As distance learning becomes the norm, students and teachers are finding ways to adjust and adapt. Our remote learning stories illustrate how this has been a time of challenge for everyone, especially students with learning differences such as ADHD or dyslexia. Strategies for learning from your mistakes are critical; however, new approaches to learning can also provide some unexpected opportunities.
Below our middle school correspondent describes a day that started out on the wrong foot but before the day was over, she tried something she wouldn’t have been open to before.
I went to my desk, and I realized my computer was having some technical difficulties. I immediately freaked out! I’m supposed to be on a video call with my teachers at 9:00 and it was 8:59. My teachers are so strict and give us so much grief if we’re not on time. I just started breaking down. Eventually my computer connected to the internet at 9:05, and I didn’t get in trouble because a lot of people were also late.
When students are working on their own and face an unexpected obstacle, there is a risk that they will simply shut down. While it is good that this student knows her teachers have high expectations for her, the stress of being late almost ruined the day before it began.
Teachers can help students by modeling how they cope with the obstacles they face. (After all, who hasn’t gotten into a fight with their internet over the past few months?) Normalize tech problems and make it clear to students that, while we still have high expectations for their work, we understand that life doesn’t always work out the way we expect.
Luckily our student reporter persevered and was able to carry on with her day.
After lunch I had arts/project time. This was the first time I picked something I wasn’t sure how to do. I did a natural music making project where you go outside and record sounds and use a music software like Garage Band to put the sounds together and make a beat. Overall, I liked it. I think I was more comfortable doing something new at home than at school in front of a lot of kids.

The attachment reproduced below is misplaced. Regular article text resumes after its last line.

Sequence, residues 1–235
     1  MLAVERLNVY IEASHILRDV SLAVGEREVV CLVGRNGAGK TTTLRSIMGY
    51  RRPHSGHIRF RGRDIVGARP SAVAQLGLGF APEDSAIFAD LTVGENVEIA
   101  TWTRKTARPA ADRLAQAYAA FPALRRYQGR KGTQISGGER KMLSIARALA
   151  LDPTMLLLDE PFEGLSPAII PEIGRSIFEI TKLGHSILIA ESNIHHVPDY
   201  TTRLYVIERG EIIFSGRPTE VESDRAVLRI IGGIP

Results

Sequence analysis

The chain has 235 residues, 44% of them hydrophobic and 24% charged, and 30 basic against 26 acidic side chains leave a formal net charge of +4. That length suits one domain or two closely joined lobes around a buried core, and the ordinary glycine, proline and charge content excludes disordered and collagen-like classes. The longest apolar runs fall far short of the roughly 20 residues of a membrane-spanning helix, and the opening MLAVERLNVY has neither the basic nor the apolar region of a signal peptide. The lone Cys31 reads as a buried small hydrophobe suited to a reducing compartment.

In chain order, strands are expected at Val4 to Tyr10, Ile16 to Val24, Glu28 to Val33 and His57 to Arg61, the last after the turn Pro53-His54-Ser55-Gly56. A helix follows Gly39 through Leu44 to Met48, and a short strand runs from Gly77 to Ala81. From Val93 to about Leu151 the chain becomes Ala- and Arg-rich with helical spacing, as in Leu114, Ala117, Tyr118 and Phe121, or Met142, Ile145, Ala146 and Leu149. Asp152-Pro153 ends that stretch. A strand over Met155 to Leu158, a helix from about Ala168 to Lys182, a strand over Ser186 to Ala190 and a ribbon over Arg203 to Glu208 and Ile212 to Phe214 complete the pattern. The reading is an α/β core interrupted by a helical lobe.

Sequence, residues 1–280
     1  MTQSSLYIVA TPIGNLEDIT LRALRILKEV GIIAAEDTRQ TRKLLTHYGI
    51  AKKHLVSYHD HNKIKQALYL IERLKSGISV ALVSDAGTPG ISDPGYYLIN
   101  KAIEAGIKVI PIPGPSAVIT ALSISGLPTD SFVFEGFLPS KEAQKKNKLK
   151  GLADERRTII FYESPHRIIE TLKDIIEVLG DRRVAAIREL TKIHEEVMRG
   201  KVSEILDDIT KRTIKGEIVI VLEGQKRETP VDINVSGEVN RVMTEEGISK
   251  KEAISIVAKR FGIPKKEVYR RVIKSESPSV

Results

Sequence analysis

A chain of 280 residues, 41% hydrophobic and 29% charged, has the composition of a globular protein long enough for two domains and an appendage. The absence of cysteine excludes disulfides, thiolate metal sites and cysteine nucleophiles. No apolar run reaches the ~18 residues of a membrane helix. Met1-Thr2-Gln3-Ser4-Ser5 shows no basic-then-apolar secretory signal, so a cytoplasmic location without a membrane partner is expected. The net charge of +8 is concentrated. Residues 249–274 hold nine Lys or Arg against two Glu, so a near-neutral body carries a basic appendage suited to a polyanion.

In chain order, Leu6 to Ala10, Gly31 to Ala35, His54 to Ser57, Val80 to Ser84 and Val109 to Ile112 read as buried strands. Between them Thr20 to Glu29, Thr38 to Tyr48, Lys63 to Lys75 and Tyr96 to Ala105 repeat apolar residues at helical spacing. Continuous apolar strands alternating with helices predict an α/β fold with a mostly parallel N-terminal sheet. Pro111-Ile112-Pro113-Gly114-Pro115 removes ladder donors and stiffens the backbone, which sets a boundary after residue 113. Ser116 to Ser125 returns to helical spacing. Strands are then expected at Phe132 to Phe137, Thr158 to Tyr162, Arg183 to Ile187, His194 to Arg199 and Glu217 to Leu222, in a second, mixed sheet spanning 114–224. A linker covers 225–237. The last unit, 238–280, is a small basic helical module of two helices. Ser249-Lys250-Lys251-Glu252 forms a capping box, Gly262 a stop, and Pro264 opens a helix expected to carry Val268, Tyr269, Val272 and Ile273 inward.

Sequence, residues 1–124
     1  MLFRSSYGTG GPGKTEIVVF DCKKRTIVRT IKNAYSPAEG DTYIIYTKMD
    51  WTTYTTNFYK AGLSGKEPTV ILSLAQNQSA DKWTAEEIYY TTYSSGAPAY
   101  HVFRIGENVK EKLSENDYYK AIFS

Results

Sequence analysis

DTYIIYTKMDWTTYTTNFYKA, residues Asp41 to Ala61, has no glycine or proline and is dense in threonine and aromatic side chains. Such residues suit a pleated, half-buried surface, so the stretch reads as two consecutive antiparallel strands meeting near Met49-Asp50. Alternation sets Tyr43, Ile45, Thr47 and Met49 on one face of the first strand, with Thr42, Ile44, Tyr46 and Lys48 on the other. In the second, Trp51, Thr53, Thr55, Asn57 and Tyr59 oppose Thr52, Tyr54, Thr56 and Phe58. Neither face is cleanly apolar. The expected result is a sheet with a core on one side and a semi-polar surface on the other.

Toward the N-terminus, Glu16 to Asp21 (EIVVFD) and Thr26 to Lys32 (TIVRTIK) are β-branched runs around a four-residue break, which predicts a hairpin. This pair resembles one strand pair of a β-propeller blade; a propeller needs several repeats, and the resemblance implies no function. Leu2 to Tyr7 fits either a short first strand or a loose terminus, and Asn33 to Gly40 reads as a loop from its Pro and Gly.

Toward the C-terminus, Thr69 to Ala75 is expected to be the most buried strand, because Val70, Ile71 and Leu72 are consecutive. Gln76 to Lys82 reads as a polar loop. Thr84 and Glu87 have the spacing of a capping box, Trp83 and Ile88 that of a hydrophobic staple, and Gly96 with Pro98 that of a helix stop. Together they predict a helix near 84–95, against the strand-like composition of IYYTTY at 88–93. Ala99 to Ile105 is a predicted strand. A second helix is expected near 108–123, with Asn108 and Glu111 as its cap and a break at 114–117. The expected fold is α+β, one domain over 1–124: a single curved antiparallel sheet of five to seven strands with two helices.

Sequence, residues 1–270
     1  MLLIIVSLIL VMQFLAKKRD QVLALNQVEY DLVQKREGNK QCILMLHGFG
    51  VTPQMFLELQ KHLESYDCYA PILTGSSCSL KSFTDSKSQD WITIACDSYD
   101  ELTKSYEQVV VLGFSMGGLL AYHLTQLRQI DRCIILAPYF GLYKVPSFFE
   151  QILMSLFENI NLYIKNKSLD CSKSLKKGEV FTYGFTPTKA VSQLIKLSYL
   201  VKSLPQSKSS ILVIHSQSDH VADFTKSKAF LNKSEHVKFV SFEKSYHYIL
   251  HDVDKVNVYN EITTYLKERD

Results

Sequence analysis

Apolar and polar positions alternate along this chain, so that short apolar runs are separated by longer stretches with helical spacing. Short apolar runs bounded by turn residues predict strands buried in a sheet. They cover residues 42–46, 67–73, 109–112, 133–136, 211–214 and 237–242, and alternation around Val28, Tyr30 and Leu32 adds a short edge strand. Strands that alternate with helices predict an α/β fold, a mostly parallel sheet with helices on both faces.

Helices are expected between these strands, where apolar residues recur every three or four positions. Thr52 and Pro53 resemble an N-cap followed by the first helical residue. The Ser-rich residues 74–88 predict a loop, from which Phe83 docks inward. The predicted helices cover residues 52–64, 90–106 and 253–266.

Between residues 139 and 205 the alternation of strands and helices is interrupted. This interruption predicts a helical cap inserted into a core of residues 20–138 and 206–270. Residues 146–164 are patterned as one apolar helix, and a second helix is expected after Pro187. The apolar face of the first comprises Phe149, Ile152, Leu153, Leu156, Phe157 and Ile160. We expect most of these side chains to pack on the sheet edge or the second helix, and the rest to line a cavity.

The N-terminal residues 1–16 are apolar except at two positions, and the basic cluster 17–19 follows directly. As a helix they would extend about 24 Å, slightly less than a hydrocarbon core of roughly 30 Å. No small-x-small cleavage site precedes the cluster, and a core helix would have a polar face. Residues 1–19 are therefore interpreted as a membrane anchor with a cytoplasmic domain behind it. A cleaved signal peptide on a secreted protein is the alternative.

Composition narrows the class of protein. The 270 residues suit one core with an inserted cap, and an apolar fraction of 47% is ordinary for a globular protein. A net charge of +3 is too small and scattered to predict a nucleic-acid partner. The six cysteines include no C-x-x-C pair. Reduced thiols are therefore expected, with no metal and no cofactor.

I love this example! Project-based learning can be very challenging. This project is fairly involved; the student has to know how to both record sounds and mix them together using software. She also has to be creative about selecting sounds that will be interesting together. Projects that require creativity and practicing new skills can be nerve wracking to attempt in front of your peers. In this case, learning at home provided the student with the space to be confident about trying something new.
I hope by now you have found your own strategies to be resilient and creative during this challenging time. If you’re looking for ideas, check out these Zoom tools to promote executive function or a few best practices from our collaboration with Google.
- Michael Greschler, M.Ed., SMARTS Director